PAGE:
AGP has threatened to walk out of BJP-led alliance in Assam if the Modi govt goes ahead with the contentious bill.
New Delhi: A recent visit by a parliamentary committee to the northeast to gather views of the people on the contentious Citizenship (Amendment) Bill, 2016, has sparked tension in Assam, with even BJP allies such as the Asom Gana Parishad (AGP) protesting against it.
Former Assam chief minister and AGP leader Prafulla Kumar Mahanta told ThePrint Monday that if the BJP-led NDA government goes ahead with the bill, the AGP would snap ties with it. Bihar chief minister Nitish Kumar, whose Janata Dal (United) rules Bihar in coalition with the BJP, has also opposed the bill.
Trouble for the BJP in Assam comes at a time when the state is in the midst of a mammoth exercise to update the National Register of Citizens aimed at identifying illegal immigrants in the state.
Here’s a ready reckoner on the controversial legislation and how it is distinct from the NRC:
The Citizenship (Amendment) Bill, 2016
The bill was introduced in Lok Sabha on 19 July 2016 by the Narendra Modi government with an aim to amend the Citizenship Act, 1955. According to the provisions of the bill, illegal migrants belonging to religions such as Hindu, Sikh, Buddhist, Jain, Parsi and Christian from Afghanistan, Bangladesh and Pakistan will be eligible for Indian citizenship.
As per the 1955 Act, for citizenship by naturalisation, an applicant must have resided in India during the last 12 months, and for 11 of the previous 14 years. The new bill waters down the 11-year requirement to six years for people belonging to the six religions and three countries.
What is the opposition to it?
The bill is seen as giving preference of citizenship on the basis of religion, a move that goes against the tenets of our Constitution, given that Article 14 guarantees right to equality.
But in Assam, where the problem of illegal immigration — irrespective of religion — from Bangladesh has been a long and contentious one, the issue also has complex political and social undertones.
The indigenous Assamese people feel the immigrants, who are already eating into their limited resources and rights, will benefit further as stakeholders once they are legitimized by citizenship. They feel the bill — by giving citizenship to non-Muslim immigrants from Bangladesh — will reduce them to a minority in their own land.
The bill also contradicts the 1985 Assam Accord, which states that illegal immigrants coming from Bangladesh after 25 March 1971 would be deported.
Mahanta’s AGP and the All Assam Students’ Union (AASU) built their politics on the six-year Assam Agitation against illegal immigrants, which ended with the signing of the Accord with the Centre. The Accord made 1 January 1966 the base year to detect foreigners and set 24 March 1971 as the cut-off date to identify illegal foreigners, irrespective of religion, and remove them from electoral rolls.
In fact, it has been an Assamese-Bengali conflict, and not a Hindu-Muslim one, that is at the core of the tension surrounding illegal immigrants in Assam.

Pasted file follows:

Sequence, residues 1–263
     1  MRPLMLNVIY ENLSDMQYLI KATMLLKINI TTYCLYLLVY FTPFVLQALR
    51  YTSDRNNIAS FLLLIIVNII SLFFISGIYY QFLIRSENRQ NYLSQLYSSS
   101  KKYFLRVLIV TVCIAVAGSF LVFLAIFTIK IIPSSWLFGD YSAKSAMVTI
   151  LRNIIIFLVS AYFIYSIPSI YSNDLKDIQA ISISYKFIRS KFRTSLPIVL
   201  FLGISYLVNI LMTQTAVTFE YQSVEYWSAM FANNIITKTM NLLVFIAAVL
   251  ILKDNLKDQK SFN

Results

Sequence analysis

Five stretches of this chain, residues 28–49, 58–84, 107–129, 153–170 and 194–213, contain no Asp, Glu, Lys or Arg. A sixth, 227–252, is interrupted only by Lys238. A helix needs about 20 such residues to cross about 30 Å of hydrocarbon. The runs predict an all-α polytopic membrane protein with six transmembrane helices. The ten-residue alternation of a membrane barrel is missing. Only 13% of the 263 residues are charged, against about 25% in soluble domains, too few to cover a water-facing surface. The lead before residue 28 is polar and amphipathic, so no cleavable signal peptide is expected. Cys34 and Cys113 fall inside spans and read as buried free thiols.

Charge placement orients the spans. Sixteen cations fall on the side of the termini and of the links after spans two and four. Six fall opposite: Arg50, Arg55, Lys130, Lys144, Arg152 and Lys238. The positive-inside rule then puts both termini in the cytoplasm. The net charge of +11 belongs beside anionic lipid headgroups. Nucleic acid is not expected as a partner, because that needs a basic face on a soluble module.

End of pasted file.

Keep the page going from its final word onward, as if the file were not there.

The AGP, therefore, maintains that the citizenship bill would violate the clauses of the Assam Accord since it seeks to provide citizenship to illegal immigrants based on religions.
Moreover, the immigrant issue in Assam is not confined to the Bangladeshis. In the 1990s, the state had witnessed widespread resentment against the influx of Hindi-speaking people, something that was fanned by the separatist United Liberation Front of Asom (ULFA).
The BJP’s push
The deportation of illegal Bangladeshi immigrants had been the BJP’s poll plank in the 2016 Assam assembly elections. In its campaign, the line between anti-immigrant resentment in the state and a resentment towards Muslims as a whole had been cleverly blurred, making the issue even more sensitive. The BJP had promised citizenship to Hindu refugees even in its 2014 manifesto.
Its opponents believe the BJP is trying to communalise the entire issue and pander to its Hindu-majoritarian politics through this citizenship bill.
How is it different from NRC?
The NRC update exercise in Assam, currently underway, began in September 2015 under the then Congress government in the state, following the Supreme Court’s instructions.
The NRC, first published after the 1951 Census, is now being updated keeping 24 March 1971 as the cut-off to essentially identify those who entered Assam illegally from Bangladesh after that date. Applicants have to submit documents to prove that their names appeared in the NRC of 1951, or in any of the electoral rolls of Assam until 1971, or in any of 12 other documents, which had to have been issued before 1971.
The first draft of the updated National Register of Citizens was released on 31 December last year and the apex court directed the government to complete the whole process by 30 June 2018.
The citizenship bill and NRC, however, do feed into each other. Once the NRC is updated to draw up a list of “illegal immigrants” and if the citizenship bill is indeed brought in, it would mean the government will be able to legitimise and give citizenship to all the Hindus (also Christian etc) identified as illegal immigrants from Bangladesh, while specifically singling out the Muslims.